With another warm smile, the Professor counted out five gold coins and set them in Tevye’s hand.
“If you would like to change them into smaller coins, there is a currency exchange on the other side of the lobby. The black market rate may be higher on the street, I really don’t know, and it isn’t my job to offer financial advice, especially when it is against the law of our good friends, the Turks.”
“May their rule be erased from the land,” Tevye said.
“Precisely,” Glazebrook agreed. “But, as I am sure you understand, there are certain things my position doesn’t allow me to say.”
“Thank you,” Tevye said. He reached out and grasped the Consul’s hand. “May the Lord bless you for helping us.”
“My work is blessing enough. I feel very privileged to have been chosen for this great and holy task.”
The Professor escorted Tevye back to the door and bowed in a respectful farewell. The Jewish farmer bowed back.
“If I can help you in the future, please let me know,” the kind Consul added.
With his hand on the money in the pocket of his pants, Tevye made his way back to the door. Soldiers escorted him to the lobby as another Jew was led toward the Consul’s office. Not wanting to chance being swindled in the black market, Tevye exchanged three of his gold coins in the building before venturing out to the street. Though evening was approaching, the line extended all of the way down the block. As Tevye passed, people rushed forward to ask him for money, as if he were the Baron Rothschild himself. True, a Jew was commanded to give a tenth of his earnings to charity, but charity began at home. Tevye had to take care of his daughters, plus Moishe and Hannei, and Guttmacher’s two children, not to mention his own little boy. And his friends on the settlement needed money as well. Hurrying along, he brushed away the outstretched hands.
“The Lord have mercy,” he thought. “May the British army soon come and chase the cursed Turks from the Land.”
Suddenly, two men stepped forward and grabbed Tevye by the arms.
“Come with us,” one said in an urgent whisper. His hand held Tevye’s arm like a vise.
“What do you want from me?” Tevye asked in alarm. The men pushed him forward.
“We won’t hurt you, don’t worry.”
Quickly, they herded Tevye into an alley.
“Thieves!” Tevye screamed out.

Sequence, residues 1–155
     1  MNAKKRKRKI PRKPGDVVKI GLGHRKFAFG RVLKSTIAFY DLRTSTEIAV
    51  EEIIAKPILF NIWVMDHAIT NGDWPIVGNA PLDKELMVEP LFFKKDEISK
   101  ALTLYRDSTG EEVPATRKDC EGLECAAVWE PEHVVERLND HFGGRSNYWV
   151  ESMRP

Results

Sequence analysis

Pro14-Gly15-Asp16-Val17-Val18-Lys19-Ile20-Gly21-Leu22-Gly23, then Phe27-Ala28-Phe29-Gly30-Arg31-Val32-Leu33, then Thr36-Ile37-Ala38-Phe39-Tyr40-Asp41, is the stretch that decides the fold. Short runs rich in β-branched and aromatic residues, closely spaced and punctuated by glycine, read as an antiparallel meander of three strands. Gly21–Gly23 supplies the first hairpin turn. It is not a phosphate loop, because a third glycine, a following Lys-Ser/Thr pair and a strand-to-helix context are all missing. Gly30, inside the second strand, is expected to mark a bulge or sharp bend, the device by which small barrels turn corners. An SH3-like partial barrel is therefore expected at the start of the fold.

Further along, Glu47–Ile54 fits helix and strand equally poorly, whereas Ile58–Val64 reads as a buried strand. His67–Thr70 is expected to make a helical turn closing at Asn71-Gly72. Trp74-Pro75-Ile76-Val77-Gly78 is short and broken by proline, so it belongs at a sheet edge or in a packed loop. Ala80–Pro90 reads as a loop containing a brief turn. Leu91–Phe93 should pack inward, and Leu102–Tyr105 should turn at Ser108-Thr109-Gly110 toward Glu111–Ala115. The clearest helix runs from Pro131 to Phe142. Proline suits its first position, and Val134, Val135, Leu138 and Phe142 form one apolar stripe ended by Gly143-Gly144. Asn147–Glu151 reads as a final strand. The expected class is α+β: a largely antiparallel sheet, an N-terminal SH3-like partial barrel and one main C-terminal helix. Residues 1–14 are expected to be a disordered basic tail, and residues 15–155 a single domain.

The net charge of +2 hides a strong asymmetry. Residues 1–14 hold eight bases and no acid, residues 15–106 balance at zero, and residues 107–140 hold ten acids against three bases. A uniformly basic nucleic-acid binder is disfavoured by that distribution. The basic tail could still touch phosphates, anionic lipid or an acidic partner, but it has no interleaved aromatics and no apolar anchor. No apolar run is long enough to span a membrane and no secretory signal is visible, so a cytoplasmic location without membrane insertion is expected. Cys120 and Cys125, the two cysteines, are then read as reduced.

One of the assailants covered Tevye’s mouth with his hand. The other shoved Tevye up against a wall.
“We aren’t thieves,” the larger man said.
If Tevye thought of fleeing, the sight of a revolver changed his mind.
“Have you ever heard of “Nili?” one asked
“No,” Tevye answered.
“Never,” Tevye said, sweating.
“Tell us the truth, grandfather. We’re on your side.”
Tevye shook his head no. The man holding the gun slipped it back into his jacket.
“We’re with “Nili,” he said.
Tevye stared at them. He tried to keep a blank expression on his face, as if he didn’t know what they were talking about.
“One of the passengers in the carriage you took to Jaffa told us about you. You told him you were on your way to Jerusalem to pick up some money.”
“Me and my big mouth,” Tevye thought. Golda had been right – if he hadn’t bragged to her cousin, Menachem Mendel, about the money the rich ladies of Boiberik had given him for rescuing them in the woods, he would still have been a rich man today.
“We need money to continue the struggle against the Turks.”
“I am a poor man,” Tevye said.
“We are all poor men. The Turks have kept us that way. Now is our chance to topple their government and expel them from the Land.”
One way or the other, God collects His tithes, Tevye thought. If he hadn’t been so tight-fisted when he turned all of the beggars outside the Consulate away, these two rogues would never have been sent in his path. True, their cause was just, but how could he become a benefactor of “Nili?” He could be hanged by the Turks for collaborating with spies!